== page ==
Writer: William Shakespeare
Music: Dan Gillespie Sells
Director: Robert Hastie
Choreographer: Darragh O’Leary
Reviewer: Janet Jepson
“The course of true love never did run smooth”, so goes the most quoted line from Shakespeare’s A Midsummer Night’s Dream. A sentiment totally echoed in real life, but never so true as in this magical tale of both fairy and human love affairs. It is basically a play within a play, but has three different groups of lovers entwined within it. There’s a wedding being planned alongside an ongoing love triangle; a fairy king and queen at odds but in mischief mode; and an ‘am dram’ group of tradesmen putting on a romantic offering played out from two sides of a wall. What could possibly go wrong? Of course, in true Shakespearean style, much does go wrong and there are twists and turns, and laughter, before everyone can live happily ever after.
This new production of A Midsummer Night’s Dream by Artistic Director Robert Hastie at the Crucible Theatre in Sheffield is a refreshingly original one. The circular stage extending out into the auditorium provides a perfect space for any Shakespeare play, since it puts the audience members close to the action in the way that the Bard originally intended his work to be performed. In the case of an atmospheric fairytale such as this, it works particularly well. A huge moon rightly takes centre stage, dominating the theatre and changing the colour and mood of all the action of the play. The floor space is sparkly and lit according to the scene, and all around the edges of the stage there are flowers “growing”. The nighttime scenes, when the full moon is low and bright and the fairy folk are wearing luminous fluorescent-coloured gossamer dresses, depict the impression of a supernatural forest glen so well that it is quite unnerving. Fairies at the bottom of the garden never looked like this…
Another unusual focal point in this production is the piano. A musical element has been incorporated very effectively into the play by Dan Gillespie Sells, and the ivories are tinkled cleverly by Puck (aka Bobby Delaney) as an alternative to his traditional flute. In addition though the piano itself is used extensively – in magical appearances, as an improvised bed, and makes a pedestal to perform from.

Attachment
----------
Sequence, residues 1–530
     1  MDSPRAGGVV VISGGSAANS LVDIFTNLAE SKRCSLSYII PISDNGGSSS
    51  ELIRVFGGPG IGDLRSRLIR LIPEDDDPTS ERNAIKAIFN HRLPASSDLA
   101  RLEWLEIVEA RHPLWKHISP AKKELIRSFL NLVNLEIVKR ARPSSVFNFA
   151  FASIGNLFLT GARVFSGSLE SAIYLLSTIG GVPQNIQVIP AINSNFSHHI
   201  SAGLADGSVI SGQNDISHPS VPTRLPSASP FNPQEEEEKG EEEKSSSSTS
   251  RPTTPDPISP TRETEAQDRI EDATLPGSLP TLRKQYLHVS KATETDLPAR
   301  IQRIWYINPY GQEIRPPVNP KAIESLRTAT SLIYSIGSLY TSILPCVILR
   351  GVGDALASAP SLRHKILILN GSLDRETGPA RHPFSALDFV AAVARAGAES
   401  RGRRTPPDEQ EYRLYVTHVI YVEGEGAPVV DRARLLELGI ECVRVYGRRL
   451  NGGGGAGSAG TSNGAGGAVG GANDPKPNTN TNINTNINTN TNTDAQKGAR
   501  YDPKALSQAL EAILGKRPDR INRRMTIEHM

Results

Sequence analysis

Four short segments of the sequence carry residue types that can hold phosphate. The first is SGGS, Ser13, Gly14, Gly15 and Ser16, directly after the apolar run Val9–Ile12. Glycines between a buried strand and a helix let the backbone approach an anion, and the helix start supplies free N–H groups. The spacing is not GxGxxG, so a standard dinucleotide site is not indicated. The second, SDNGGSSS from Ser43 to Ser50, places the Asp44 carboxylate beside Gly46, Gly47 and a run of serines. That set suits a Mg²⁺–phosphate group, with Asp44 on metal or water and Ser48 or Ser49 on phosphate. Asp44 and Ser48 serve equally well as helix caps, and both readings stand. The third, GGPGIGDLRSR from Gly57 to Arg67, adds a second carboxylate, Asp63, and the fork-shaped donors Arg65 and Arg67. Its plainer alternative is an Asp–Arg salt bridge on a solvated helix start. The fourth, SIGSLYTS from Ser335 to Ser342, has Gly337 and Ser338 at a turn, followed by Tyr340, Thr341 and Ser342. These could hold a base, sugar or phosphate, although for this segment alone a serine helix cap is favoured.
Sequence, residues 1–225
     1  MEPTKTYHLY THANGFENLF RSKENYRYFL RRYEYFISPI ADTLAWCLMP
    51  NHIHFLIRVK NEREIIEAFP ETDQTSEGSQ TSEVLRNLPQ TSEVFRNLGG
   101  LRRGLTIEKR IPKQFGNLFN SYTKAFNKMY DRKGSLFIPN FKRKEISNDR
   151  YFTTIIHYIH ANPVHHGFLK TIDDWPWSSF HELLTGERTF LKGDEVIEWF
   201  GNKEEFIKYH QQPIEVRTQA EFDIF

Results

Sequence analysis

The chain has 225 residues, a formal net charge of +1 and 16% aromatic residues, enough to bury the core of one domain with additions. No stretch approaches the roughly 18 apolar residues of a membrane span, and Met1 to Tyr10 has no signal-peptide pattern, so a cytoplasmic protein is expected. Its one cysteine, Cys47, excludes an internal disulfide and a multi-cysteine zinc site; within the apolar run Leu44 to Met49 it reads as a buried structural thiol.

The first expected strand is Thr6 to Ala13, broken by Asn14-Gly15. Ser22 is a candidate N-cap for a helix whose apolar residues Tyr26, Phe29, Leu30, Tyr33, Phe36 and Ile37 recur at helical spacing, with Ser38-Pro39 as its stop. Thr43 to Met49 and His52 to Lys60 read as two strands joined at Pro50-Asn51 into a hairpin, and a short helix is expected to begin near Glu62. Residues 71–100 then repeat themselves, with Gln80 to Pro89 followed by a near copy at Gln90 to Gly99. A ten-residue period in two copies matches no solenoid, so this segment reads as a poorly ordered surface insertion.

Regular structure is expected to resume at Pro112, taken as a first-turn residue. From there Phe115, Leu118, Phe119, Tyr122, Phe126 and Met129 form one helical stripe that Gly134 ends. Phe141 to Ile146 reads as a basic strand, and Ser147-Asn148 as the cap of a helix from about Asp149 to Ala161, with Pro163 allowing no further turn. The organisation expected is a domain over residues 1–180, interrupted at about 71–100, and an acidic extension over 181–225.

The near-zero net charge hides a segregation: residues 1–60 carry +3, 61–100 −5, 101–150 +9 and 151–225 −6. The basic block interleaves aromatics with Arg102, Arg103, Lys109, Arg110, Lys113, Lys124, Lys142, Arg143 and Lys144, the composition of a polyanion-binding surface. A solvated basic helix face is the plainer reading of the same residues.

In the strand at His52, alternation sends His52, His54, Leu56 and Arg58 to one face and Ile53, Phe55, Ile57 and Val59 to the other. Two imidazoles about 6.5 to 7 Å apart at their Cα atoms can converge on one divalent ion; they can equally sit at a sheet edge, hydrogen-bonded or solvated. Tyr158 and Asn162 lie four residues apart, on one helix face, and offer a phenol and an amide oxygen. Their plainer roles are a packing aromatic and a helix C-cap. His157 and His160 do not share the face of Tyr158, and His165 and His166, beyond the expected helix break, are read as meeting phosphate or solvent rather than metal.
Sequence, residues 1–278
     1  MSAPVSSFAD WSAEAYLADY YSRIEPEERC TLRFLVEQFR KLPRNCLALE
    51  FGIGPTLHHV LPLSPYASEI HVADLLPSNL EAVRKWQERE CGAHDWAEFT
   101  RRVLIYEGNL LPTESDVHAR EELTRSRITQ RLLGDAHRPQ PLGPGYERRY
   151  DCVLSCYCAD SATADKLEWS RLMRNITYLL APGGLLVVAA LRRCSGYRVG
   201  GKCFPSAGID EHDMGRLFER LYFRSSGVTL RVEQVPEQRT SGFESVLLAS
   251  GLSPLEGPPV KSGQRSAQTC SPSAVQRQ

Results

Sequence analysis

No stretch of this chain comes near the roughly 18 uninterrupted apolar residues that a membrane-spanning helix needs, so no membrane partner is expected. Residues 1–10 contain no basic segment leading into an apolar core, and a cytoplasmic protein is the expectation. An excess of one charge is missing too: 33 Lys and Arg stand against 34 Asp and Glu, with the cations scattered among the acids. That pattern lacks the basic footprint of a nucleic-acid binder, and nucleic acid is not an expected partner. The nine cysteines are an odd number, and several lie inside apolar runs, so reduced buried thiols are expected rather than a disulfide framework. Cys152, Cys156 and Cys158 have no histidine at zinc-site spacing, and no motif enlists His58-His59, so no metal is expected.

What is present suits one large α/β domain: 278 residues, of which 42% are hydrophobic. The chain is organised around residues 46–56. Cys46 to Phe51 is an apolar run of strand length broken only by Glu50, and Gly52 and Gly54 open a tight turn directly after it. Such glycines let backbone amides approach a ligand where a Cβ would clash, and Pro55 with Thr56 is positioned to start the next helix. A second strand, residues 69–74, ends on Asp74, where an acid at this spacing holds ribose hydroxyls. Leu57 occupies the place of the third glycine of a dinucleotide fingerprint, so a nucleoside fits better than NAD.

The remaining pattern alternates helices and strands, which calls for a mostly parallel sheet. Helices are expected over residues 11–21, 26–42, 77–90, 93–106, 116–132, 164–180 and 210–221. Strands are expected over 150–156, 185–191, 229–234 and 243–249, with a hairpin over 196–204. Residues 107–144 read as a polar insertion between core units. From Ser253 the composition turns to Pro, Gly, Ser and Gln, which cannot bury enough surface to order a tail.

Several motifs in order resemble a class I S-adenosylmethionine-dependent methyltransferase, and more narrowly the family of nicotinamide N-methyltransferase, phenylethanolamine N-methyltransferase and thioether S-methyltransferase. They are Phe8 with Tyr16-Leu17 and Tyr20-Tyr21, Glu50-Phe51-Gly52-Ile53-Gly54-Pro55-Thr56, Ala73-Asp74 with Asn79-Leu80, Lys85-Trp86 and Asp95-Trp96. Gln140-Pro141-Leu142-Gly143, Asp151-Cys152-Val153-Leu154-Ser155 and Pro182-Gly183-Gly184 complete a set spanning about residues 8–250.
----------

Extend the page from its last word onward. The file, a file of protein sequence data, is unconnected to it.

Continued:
The cast members are truly amazing, and it would be difficult to give them all due mention. Lovers Hermia and Lysander (Patricia Allison and Lorne Macfadyen) and Helena and Demetrius (Evelyn Miller and Toheeb Jimoh) are skilled and energetic. It is tempting to wonder why the wardrobe department dressed Hermia in a strange yellow jumpsuit, but it becomes apparent when she starts to move…
The royal fairy couple Oberon and Titania played by Phil Cheadle and Pandora Colin double as duke and prospective duchess Theseus and Hippolyta, and are dignified and effective in both roles. The fairies become the tradesmen performing amateur dramatics, and all are excellent, the play Pyramus and Thisbe that they perform at the wedding finale has to be seen to be believed. Shakespeare was never like this, never so glittery, never so brash and loud, “course it’s a musical”, “do you want to hear our megamix?” – but it works, it really does. Possibly the star of the whole show is Snug/blue fairy/fearsome lion, Francesca Mills, with facial expressions and tap dancing out of this world.
The costumes are colourful as befits the set. The production seems to be set in no particular time period, but the males wear smart suits in pastel colours; the royal fairy couple are attired in elegant bedwear; the fairy dresses are perfect, and there’s a nice touch where the lead females have nails coloured to match their outfits.
Go along and enter a fairy world for a couple of hours, the magic can draw anyone in. As the complete solar system lights up behind that magical moon in the closing scenes, it’s a shock to realise that actually bustling city of Sheffield is the other side of that wall.
Runs until Saturday 20 October 2018 | Image: Contributed